10:43 - In possibly Burial’s most unnatural, and quick-witted, transition period an upheaval occurs where the entire soundscape switches to a jungle setting Drum N’ Bass taken straight out of the early 90’s. It distorts the picture incredulously, toying with the listeners perception of what is exactly going on, even going so far as to flip that pattern on its own head. It acts like a beatdown given by the crackheads in said alley, being battered and bruised, tossed and turned, taking out any of the emotive resonance we typically expect from Burial. And then ‘Truant’ ends.

Rough Sleeper

0:00 - As the title, and the rainstorm that lightly passes under Burial’s prototypical rising synths and wind chimes, implies this track is what occurs after the night takes its toll. Small vocal cues quip over focused percussions and balanced synths. When the vocals soar its purposefully delicate, dry, and derelict, breaking the limits of the record itself as it nearly escapes the confines of the limited soundscape. It may cause ears to clench but once the sparks settle down and nestle in you see it’s ultimate purpose.

1:20 - A magnificent beast of a bass erupts out of nowhere as the voice screams in displeasure. Nightmares are afoot in the background while the consistency of night continues onwards. Small echoes in reality, like the one that haphazardly says “can you feel me?,” passes through one ear and out the other. 

1:42 - A saxophone emerges for a few planned notes. Why? To further perpetuate the existence of ourselves in the dream state, an uncharacteristic instrument strewn about a sea of understanding. This is all before returning to semblance, with the voice and organized production finding unison once again.

2:26 - And then, as if randomly chosen, the bass returns to force the singer to scream once more, as the nightmares lay waste over the sense of familiarity just for a moment. It’s this constant unawareness that makes Burial’s music some of the most prolific. The saxophone returns for its few notes, a pummeling beat erupts just once, a second voice joins the first to play fiddle with each other. It’s all adding to the aloofness that’s constantly afoot in his music.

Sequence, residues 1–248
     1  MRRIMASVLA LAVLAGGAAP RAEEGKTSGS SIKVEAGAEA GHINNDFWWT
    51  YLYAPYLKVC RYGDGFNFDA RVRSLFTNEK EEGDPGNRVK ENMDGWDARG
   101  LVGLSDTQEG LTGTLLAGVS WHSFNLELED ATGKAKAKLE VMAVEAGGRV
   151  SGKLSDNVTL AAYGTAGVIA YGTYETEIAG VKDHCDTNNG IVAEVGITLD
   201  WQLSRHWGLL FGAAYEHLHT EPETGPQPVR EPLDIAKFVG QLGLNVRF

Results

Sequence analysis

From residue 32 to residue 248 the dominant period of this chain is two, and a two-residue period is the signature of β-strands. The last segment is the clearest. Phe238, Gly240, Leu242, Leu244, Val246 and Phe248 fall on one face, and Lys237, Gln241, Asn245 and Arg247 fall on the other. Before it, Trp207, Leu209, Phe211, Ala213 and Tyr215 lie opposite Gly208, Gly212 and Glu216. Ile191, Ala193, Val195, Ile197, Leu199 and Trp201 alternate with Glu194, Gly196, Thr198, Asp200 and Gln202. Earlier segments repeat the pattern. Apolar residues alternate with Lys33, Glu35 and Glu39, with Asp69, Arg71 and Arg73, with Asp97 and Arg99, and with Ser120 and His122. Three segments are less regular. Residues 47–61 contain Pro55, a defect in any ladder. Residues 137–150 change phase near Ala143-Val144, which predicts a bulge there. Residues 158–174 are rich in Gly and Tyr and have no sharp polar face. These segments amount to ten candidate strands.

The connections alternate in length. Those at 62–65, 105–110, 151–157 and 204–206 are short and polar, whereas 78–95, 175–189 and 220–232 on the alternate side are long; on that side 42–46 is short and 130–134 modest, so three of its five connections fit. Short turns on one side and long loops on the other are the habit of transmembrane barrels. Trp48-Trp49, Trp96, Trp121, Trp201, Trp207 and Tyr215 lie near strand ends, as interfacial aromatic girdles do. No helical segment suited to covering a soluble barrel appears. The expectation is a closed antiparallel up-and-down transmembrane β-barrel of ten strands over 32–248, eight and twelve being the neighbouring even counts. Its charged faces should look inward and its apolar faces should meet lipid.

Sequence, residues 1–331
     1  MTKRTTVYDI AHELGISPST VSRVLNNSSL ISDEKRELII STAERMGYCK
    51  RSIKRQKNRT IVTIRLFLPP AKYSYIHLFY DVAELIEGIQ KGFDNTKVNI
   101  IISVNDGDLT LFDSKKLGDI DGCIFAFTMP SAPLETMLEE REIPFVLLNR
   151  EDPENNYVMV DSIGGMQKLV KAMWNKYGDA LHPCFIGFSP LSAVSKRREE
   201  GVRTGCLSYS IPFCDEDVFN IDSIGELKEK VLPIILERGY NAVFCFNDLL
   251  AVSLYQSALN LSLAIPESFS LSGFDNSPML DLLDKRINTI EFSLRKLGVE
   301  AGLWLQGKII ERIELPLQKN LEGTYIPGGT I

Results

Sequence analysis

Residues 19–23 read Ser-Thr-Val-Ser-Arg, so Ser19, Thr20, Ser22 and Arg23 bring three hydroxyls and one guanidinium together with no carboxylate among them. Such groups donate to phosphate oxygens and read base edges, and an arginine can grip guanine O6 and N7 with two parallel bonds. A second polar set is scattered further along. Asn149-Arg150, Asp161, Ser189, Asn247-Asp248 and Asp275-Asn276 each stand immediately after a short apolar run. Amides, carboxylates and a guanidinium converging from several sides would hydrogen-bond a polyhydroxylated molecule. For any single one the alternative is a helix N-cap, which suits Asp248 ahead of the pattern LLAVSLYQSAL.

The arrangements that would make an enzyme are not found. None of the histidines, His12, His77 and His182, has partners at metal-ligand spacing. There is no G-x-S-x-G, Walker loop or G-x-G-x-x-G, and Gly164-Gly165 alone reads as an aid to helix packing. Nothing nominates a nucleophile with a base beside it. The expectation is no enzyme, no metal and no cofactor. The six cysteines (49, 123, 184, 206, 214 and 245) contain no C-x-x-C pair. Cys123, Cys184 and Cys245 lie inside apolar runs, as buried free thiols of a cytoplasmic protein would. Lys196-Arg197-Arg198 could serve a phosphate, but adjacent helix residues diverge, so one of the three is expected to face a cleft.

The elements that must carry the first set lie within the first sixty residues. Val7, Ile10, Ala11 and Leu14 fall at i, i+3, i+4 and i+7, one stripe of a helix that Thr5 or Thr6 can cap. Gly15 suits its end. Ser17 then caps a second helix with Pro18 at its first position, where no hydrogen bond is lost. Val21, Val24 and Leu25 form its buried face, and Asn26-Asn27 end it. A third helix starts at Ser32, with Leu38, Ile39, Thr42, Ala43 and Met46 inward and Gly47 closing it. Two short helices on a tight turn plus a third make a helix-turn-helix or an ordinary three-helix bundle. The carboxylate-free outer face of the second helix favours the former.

3:48 - The crackling of the vinyl and rain splashing on the windows distinctly highlights this as a turning point to ‘Rough Sleeper’s’ main feature.

4:15 - I won’t go so far as to declare this my favorite moment on the EP, there’s too many to pick anyone, but this is by far the closest thing to early Burial if anyone wants to relive that in glorious HD. It represents the bulk of ‘Rough Sleeper,’ and for good reason. The drums are seminal, the vocals are chopped and withered, a prominent feature of the piece. Constant vinyl crackling, or rain splashes as you’re unsure, fills the background along with gliding synths filling the walls. It’s thee most prototypical Burial track there is. 

6:12 - That is, until this happens. A breadth of warmth and nostalgia rises over the listener as a joyful procession of childlike bells welcomes you to another realm. The feeling of the entire track finally changes from nightmare, to unsure purgatory, to pleasant dream. It only dissipates to some silent sampling of a song from a distant past, a strange transition even by Burial standards. Thankfully all that is good in the world allows the main tracking to return for one long go around.

9:21 - The bells wind down as more sprinkling, along with some city sounds, join the fading synths that signal silence. Cars pass by in puddles. Thunder crackles outside the window.

9:58 - A clashing siren welcomes some rattling chains and echoing vibrations, like the underbelly of a subway system progressing onwards into the wee hours of night. 

10:33 - Finally some substance as distant synths layer over one another with Burial’s drums, this time more beefy and palpable, layered over one another. There’s a lot of instrumentation on display here, and yet it still feels ambient and indirect, like nothing more than a mere passage of time. Crying keyboards eventually make their way in, as do some minor vocal cuts that never last more than a second. It’s chaotic serenity. 

12:35 - And while all that battles for supremacy the overall winner is the rain, the only thing perpetually coming down. The vinyl crackles become louder and more obtuse, to the point where it’s nearly the only thing left. That is before disgruntled drums do their best to lay claim to the foundation once more, with swirling vocals parading around behind them and some haunting synths that dazzle like a light show under the full moon. 

13:47 - And then, with one final tone arm slip, the EP ends. Abruptly, as was expected.